Kay Macklin was a happy and secure mother of two, but when her third child arrived everything suddenly changed.
She felt disconnected and lost.
“When I had my two previous children I had felt that total connection straight away and this was so different, and I knew something was wrong, but I didn’t know what,” Ms Macklin said.
“When my daughter cried I had no reaction and sometimes didn’t want to even pick her up, and I used to think, ‘What’s wrong with me?’. It was scary.”
Ms Macklin, now aged 65 and living in Queensland’s Sunshine Coast region, said her experience of postnatal depression was in 1984 when the condition was rarely discussed or acknowledged.
“I went through a time when I thought, ‘They don’t need me here. I am more of a problem than a help’.”
Song shines light on mental health
Ms Macklin is one of 12 women from across Australia who has shared her story as part of a project to create a song about postnatal depression and anxiety.
“Hearing the song, it’s so amazing that other people will hear the stories,” Ms Macklin said.
The project was led by two sisters living in regional NSW, Oneewa McDowell, based in Port Macquarie, and Shara Hala’api’api, who lives in Armidale.
Mothers themselves, they run a songwriting business and say that while things have improved since Ms Macklin’s experience in the 1980s, more still needs to be done to reduce the stigma attached to postnatal depression and anxiety.
“A lot of women are out there experiencing it … they feel they have to hide it and put on a mask out in public and pretend they are someone else,” Ms McDowell said.
“We spoke to women in NSW, also Tasmania, Victoria and Queensland.
“Our aim was to write a song that would be a reflection of the collective voice of many women who have been through postnatal depression or anxiety.
The song, The Valley Below, was recently released and shared widely on social media.
“The song is very honest and very raw,” Ms McDowell said.
“It starts in a place of darkness, and a place of pain, and as the song progresses this light comes in and it’s the light of finding hope and connection with other women and healing.”
Families have ‘really struggled’
The CEO of Perinatal Anxiety and Depression Australia (PANDA), Julie Borninkhof, said it was great to see awareness being raised through song.
“We know that one in five mums and one in 10 dads, prior to COVID, were experiencing perinatal mental health [issues] and that’s a significant number,” she said.
“So the more we can increase awareness that it is quite normal to feel this way during that period, the more people are going to feel able to reach out for support.”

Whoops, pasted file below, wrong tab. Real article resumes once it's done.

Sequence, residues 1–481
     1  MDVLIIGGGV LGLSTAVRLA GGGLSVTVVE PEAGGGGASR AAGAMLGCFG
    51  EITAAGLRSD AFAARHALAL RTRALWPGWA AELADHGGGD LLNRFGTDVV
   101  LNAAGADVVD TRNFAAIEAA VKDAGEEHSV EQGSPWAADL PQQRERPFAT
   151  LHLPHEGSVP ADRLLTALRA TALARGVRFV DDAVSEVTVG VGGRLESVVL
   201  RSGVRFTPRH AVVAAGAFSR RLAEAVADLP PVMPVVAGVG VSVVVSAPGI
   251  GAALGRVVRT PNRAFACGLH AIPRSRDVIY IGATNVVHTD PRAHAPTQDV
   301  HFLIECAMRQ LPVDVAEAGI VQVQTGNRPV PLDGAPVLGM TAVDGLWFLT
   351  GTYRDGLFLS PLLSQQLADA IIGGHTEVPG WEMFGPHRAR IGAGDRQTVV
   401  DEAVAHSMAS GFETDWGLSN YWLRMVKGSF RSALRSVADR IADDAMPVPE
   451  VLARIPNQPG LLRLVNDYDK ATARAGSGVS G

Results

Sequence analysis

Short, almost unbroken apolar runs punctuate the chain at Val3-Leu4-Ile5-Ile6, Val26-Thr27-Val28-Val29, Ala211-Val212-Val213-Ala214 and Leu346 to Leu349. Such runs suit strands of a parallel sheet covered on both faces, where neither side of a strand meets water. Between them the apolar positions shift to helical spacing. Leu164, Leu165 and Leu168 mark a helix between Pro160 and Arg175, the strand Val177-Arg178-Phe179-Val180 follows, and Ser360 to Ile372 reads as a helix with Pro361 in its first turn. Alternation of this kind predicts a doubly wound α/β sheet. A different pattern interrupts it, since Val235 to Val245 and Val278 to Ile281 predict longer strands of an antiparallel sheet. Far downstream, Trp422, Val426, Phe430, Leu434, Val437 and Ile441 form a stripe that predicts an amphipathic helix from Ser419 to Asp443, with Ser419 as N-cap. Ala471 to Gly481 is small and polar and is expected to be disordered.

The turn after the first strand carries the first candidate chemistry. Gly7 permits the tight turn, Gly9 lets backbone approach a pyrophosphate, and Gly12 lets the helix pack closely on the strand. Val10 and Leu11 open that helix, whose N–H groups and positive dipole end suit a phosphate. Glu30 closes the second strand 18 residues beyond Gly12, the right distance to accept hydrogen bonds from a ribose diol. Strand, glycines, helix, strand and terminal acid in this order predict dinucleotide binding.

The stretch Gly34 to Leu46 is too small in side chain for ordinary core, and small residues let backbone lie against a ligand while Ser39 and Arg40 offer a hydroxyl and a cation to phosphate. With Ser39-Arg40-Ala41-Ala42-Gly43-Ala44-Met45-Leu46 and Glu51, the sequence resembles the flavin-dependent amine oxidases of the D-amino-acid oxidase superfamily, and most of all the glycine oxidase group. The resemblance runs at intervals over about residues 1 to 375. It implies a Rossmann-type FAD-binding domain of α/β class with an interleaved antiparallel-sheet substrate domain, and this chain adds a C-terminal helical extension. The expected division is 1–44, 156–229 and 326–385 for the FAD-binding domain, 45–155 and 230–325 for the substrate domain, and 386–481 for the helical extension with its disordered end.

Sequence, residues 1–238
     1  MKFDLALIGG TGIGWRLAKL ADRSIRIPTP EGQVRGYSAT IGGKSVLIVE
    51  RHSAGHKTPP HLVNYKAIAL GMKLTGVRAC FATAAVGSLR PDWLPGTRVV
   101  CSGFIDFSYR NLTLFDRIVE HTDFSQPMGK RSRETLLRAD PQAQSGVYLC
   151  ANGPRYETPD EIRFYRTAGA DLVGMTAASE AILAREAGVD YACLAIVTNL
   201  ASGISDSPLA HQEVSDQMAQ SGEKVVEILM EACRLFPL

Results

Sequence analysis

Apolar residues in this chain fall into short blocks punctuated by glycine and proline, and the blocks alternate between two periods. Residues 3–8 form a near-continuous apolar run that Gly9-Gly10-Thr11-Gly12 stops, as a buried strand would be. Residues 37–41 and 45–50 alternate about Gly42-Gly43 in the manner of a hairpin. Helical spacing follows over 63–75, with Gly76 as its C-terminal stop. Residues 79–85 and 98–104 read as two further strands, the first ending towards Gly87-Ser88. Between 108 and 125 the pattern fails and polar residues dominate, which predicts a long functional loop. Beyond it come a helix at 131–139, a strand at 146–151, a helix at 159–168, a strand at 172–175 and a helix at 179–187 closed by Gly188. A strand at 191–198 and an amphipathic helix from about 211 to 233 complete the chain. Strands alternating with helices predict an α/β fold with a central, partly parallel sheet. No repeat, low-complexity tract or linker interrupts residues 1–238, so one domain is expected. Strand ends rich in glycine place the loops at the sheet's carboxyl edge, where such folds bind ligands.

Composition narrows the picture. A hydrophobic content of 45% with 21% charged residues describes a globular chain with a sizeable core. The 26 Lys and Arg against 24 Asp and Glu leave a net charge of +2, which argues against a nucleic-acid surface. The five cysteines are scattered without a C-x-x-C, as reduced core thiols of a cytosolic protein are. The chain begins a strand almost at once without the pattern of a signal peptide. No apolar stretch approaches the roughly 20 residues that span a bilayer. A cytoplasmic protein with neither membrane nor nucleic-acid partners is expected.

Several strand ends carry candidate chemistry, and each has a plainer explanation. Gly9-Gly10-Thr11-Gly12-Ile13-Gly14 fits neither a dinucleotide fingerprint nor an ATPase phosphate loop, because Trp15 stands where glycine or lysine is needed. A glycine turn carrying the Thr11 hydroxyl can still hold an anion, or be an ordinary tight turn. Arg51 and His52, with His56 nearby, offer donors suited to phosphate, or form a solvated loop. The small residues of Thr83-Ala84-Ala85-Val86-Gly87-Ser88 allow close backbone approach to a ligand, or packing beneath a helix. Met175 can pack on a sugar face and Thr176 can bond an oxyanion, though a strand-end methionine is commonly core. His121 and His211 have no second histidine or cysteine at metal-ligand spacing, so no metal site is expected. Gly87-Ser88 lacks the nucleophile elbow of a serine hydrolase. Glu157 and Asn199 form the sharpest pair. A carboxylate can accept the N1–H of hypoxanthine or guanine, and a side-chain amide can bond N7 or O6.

She said the need for mental health support had spiked during the coronavirus pandemic.
“We know communities have really struggled across Australia with financial instability, housing instability, workplace disruption, working from home, homeschooling.
“There have just been so many factors that have impacted even on those who would have claimed to be well before COVID.”
‘It’s OK to not be OK’
Deb Mather from Darley, near Melbourne, has two young children and shared her story during the project.
“It’s a great way to get the word out that it’s OK to not be OK,” she said.
“I had postnatal depression with both my children and, in hindsight, realise I had it during my pregnancies as well.
“I didn’t realise at the time, but that was probably the beginning of perinatal anxiety and depression, the constant worry about losing another one.”
Expectations around breastfeeding also played a role.
“I had my child and wanted to breastfeed and that wasn’t successful. [It] put me on a downward spiral as it’s so promoted that breastfeeding is the way to go and natural,” Ms Mather said.
“I had a great visiting midwife who suggested I seek help from my GP, which I did … so we were onto it [postnatal depression] quite early.”
Ms Mather said understanding was increasing but there was still a long way to go.
“Having a baby is portrayed as being the most magical time of your life, which it can be,” she said.
‘It does get better’
Jessie Massa from Brisbane was also interviewed during the project, after experiencing severe postnatal depression and anxiety after her daughter, now aged two, was born.
Ms Massa said helping to create the song had been very rewarding.
“It was a really good experience, it was quite cathartic … I cried when I listened,” she said.
“It [postnatal depression] is a very hard place; it’s a very lonely place to be in.
“I remember feeling like I would never get out of that place and that nobody really understood what it felt like.
“So that’s what I like about the song — the women have all moved through that place and found the light at the end, and so I hope others will realise it does get better.”